On the way home from school we passed a couple holding a cardboard sign that read “Lost job. Please help.” We had the green light, and I drove right past them. My heart ached.
The kids asked why they were standing there because they lost their jobs. We had a lengthy discussion about employment, society, and the importance of having money to exchange for goods and services. The conversation, however, took a brief detour to discuss wind energy. The Girl suggested the people build a windmill in their yard so they could produce their own electricity and not have to pay the electric company. We all acknowledged that was a good idea, but after we puzzled through the problems of implementation, we concluded the couple still needed our help.
Then both kids asked why we didn’t stop to help them.
I told them I had lots of reasons I didn’t stop, and I did my best to explain them. I didn’t want to cause an accident by pulling up short in the midst of the flow of traffic. I’m leery about approaching strangers when I have the kids around. I don’t want to put my children in danger. I even briefly explained the sad state of society that I’m suspicious of people and their intentions. Lastly I told them that while we do our best to help as many people as we can, that we can’t help everyone.
Of course they asked what we do to help people, and I told them. I also made sure they understood that they are part of that effort. They knew exactly what I meant and started talking about how they give away their toys and clothes and participate in various programs at church. Once we discussed the ways that we can help, I told the kids that we can always do more. Then I asked them to think about what other ways we could help and to let me know what they came up with. And I knew they would, because they are ponderers.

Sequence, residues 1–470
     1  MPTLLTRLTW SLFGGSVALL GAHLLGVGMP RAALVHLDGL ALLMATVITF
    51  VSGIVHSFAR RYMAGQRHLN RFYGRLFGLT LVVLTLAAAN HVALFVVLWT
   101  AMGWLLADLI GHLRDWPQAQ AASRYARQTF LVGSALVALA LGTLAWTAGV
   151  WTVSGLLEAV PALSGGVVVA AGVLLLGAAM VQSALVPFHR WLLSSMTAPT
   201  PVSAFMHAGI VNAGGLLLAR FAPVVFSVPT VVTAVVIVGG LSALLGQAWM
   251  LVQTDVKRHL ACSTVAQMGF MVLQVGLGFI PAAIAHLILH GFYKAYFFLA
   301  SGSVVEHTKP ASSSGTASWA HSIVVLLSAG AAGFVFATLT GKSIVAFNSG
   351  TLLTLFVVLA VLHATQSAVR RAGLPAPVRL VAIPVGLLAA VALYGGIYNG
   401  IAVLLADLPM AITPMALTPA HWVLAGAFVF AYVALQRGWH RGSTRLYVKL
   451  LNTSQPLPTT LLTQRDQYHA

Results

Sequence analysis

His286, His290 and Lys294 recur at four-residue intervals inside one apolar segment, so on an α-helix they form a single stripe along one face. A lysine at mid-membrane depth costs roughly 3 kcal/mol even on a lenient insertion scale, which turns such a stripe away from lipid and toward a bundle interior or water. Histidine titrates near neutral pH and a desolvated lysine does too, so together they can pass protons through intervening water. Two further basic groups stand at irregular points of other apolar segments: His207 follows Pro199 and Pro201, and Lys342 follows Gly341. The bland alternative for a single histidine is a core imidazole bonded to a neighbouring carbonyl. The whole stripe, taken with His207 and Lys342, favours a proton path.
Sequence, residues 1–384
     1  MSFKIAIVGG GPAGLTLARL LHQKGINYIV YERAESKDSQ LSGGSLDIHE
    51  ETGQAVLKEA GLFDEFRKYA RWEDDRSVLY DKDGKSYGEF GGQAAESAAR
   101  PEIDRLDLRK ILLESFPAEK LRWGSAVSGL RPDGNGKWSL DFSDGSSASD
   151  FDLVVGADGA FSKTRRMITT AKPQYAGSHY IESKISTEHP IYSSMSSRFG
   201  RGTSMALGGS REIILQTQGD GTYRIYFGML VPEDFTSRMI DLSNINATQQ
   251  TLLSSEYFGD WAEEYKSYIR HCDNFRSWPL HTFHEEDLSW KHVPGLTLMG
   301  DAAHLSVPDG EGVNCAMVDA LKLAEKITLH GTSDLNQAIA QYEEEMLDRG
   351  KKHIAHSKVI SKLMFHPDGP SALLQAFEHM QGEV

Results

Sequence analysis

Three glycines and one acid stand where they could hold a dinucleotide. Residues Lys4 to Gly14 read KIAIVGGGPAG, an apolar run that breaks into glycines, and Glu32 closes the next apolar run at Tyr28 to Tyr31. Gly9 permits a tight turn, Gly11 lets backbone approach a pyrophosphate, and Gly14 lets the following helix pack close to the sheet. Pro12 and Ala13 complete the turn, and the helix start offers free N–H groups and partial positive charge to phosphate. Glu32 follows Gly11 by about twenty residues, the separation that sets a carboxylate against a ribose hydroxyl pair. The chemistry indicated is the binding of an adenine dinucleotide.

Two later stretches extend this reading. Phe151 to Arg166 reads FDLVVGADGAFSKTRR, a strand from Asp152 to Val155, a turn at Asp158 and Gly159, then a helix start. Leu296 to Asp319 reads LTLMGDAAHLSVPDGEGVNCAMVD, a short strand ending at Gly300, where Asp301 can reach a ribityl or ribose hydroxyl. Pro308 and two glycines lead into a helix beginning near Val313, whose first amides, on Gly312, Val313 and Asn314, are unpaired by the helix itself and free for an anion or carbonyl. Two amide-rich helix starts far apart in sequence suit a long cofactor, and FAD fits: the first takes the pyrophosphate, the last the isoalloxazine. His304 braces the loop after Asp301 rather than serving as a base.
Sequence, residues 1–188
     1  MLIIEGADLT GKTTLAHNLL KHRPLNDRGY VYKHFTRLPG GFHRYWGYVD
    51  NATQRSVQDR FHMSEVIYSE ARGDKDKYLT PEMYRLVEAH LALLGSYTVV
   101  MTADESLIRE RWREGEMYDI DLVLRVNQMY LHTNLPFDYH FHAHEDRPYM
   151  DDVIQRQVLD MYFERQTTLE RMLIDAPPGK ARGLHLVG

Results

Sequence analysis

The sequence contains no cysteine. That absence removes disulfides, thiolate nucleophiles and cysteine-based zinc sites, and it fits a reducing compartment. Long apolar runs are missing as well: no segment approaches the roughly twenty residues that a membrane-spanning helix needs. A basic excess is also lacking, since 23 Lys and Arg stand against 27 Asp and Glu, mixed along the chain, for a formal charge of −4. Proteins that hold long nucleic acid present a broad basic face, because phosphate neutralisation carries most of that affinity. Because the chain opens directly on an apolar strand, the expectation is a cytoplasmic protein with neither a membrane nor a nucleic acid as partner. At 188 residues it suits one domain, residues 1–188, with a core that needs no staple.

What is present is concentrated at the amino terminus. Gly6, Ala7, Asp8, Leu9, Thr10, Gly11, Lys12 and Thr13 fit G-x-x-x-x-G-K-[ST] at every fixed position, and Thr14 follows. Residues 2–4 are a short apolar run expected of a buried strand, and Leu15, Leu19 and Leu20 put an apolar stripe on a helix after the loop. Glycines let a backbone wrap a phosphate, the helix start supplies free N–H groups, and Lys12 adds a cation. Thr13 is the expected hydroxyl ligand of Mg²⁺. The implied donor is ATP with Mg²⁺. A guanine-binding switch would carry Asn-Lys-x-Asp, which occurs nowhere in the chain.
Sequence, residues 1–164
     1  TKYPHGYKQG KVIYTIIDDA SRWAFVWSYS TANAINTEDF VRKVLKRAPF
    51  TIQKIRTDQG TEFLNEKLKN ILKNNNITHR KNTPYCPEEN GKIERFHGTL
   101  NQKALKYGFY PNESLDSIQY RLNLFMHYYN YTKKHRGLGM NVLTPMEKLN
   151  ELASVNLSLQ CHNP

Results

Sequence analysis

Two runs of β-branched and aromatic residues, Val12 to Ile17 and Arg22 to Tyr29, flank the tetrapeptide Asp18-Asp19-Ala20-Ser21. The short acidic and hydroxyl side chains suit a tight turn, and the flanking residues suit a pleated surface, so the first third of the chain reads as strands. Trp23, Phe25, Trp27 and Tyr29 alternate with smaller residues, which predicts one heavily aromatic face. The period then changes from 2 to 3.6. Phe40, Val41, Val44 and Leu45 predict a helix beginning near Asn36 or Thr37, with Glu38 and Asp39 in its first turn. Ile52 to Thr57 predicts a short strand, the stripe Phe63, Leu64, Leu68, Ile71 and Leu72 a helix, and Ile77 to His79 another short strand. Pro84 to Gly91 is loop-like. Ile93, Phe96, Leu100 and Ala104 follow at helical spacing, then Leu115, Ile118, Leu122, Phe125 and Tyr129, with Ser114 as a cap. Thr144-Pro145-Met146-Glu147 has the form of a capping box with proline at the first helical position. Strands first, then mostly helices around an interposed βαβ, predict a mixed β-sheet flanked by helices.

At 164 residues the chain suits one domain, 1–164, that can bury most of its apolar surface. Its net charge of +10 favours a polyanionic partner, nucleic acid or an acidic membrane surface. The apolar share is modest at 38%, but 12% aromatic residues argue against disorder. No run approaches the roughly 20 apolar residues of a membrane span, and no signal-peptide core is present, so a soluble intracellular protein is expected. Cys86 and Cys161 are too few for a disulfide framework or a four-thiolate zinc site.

I also knew they would take different approaches. The Girl, well, she’s a prayer warrior. I have no doubt that tonight before bed she will pour her heart out to the Lord about the people who need help. I’m positive in this because she almost always includes them in her prayers anyway, but I’m sure tonight her efforts will be doubled.
The boy, well, he’s a planner. I expect him to come up with a plan, weigh the pros and cons, and present it to us in great detail. As it turns out, I wasn’t disappointed.
About an hour after we got home, The Boy walked up to me, gave me a hug, and whispered in my ear, “Can we adopt someone? That would help.”